I have been thinking lots about shopkeeping lately, more than usual. I read a lot of shopkeeper's blogs for inspiration, and because it's always great to see someone is dealing with the same thing you are, the same highs and lows. I am noticing a lot of the small retailers lately are also thinking. Not thinking about closing or anything like that, just...thinking. Trying to understand this business and all the aspects of it. Lots are going through renewal periods, reinventing themselves, and working hard. I am going through this same transformation right now, especially with The Whatever Shop. So tonight I was thinking over my twice-weekly Dairy Queen blitz (urrrgh)...
Shops 'like this' are primarily owned and operated by the same type of woman. Excuse me while I typecast us all, but I really see this. We are creative, independent, think big but also think small, have a good eye, pay attention to detail, and I daresay we view much of the world differently than the majority of the public. That is why none of us are getting rich at this, ha ha. We are getting rich in a way that is not monetary, though. We don't view stuff as 'stuff'. We have more of an artistic outlook.
I had a woman in tonight who said she didn't like to "dust knick-knacks". That sort of comment in my shop always makes me go "Eh, what?" and I enjoy employing my favorite dirty look in response. But seriously. That is such a bizarre way to view things. It's not like I'm selling a dusty stack of Hummels or something else that can be categorized as a "knick knack". I sell home decor and antiques. It's not granny's attic. Mirrors are knick knacks? Candlesticks, prints, vases? Uh, whatever. *eye roll*
So I see this fundamental gap between "us" and "them" coming into play here. My girls are the ones who get it. They GET IT. They walk into a shop and are flooded with design ideas. It doesn't mean they are HGTV stars or something, it's just that the creative juices cannot help but get stirred up, they are inspired, excited, and interested. Dust? That is the farthest thing from their minds. And while they usually can't help but buy a special something (or two or three or four), they don't have to be out shopping in order to GET it.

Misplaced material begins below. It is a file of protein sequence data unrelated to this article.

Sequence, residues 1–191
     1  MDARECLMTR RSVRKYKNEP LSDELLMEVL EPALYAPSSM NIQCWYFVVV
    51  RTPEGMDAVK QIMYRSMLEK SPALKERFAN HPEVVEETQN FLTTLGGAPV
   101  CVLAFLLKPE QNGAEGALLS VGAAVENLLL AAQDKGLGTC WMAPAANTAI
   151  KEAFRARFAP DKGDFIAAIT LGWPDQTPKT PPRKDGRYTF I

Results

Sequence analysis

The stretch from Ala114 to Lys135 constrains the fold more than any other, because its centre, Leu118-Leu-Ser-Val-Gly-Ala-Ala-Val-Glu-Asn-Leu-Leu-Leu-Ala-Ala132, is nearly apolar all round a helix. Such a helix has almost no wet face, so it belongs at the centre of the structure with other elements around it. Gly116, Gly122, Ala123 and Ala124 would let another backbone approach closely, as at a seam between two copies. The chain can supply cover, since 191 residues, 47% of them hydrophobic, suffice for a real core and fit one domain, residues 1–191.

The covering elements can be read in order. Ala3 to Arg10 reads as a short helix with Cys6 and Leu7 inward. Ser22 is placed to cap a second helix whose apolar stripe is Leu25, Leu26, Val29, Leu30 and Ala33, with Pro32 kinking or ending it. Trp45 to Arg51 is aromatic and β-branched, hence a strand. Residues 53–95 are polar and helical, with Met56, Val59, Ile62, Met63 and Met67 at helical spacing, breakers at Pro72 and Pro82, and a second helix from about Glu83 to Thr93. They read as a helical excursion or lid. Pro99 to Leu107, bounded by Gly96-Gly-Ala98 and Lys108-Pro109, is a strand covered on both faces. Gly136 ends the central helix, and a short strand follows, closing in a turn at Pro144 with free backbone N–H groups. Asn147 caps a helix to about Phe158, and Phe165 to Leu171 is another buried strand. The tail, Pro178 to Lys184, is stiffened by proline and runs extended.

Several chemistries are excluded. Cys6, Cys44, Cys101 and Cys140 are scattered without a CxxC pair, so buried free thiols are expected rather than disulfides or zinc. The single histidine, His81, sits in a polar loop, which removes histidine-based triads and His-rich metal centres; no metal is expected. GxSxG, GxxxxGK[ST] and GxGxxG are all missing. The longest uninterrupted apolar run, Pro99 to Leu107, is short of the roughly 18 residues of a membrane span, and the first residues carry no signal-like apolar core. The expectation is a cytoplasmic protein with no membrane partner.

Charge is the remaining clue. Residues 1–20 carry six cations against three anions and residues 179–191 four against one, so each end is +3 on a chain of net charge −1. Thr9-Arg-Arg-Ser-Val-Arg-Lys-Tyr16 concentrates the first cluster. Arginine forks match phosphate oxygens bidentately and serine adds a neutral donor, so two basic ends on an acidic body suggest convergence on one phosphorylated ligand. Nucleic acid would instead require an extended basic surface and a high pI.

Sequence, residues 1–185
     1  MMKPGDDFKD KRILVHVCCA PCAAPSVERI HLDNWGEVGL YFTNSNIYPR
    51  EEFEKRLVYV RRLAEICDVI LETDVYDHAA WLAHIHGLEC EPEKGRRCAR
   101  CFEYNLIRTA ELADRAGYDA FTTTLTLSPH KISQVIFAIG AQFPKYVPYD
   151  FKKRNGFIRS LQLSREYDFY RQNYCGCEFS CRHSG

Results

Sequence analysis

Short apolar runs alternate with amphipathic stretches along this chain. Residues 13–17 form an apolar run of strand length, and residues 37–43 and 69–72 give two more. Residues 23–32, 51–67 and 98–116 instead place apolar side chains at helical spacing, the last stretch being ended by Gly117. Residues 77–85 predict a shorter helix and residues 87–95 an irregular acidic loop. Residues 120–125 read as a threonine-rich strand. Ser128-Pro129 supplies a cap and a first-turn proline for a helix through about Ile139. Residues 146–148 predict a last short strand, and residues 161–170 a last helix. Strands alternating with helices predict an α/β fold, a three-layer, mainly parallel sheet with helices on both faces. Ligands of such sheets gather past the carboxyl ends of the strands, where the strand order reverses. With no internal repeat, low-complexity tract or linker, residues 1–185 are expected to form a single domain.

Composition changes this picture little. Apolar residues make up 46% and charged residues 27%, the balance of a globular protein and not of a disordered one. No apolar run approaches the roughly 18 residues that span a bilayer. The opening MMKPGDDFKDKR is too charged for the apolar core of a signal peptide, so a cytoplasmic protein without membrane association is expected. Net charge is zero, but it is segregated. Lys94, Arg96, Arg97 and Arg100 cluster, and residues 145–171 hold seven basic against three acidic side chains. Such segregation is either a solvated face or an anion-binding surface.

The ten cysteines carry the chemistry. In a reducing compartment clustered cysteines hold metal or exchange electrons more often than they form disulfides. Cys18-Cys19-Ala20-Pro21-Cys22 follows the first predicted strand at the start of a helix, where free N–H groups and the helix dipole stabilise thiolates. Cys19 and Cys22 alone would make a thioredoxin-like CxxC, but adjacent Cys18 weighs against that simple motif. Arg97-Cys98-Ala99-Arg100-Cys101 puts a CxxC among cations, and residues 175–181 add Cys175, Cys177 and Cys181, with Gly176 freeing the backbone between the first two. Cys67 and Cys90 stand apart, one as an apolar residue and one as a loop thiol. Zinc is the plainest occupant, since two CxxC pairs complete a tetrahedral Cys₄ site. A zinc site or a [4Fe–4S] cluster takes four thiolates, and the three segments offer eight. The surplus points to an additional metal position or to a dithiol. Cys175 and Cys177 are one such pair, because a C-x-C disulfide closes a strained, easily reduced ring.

I don't know if it's as simple as a divide between being creative and not being creative, or where the difference kicks in. I can usually spot a Kindred Spirit and a spirit that is not so kindred right off. Comments about dust or 'a lot of stuff', yeeeahh, not getting it, hon. And that's okay...I'm not going to understand them any more than they are going to understand me. But I believe that as artistic shopkeepers too often we are taken aback, maybe start second guessing, or making mistakes in trying to attract *everyone* to our shops. Newsflash: hanging a sale banner out is not going to get these dusty souls to suddenly change. It's not the economy, stupid. It's that you can't sell brake pads to an Amish man.
During my short-lived real estate career, I saw a lot of houses that made me...well, gag. Hideous. Absolutely bland, not warm or cozy, the most aesthetically-upleasing arrangements you can come up with. (Let's just say one involved two litter boxes and a very large cat.) Decorating is not important to everyone. Just like I don't give a rat's arse about sports in general. So I am learning what is best for my business is to be ME ME ME and do what I love and sell what I love and not get wrapped up in "dust".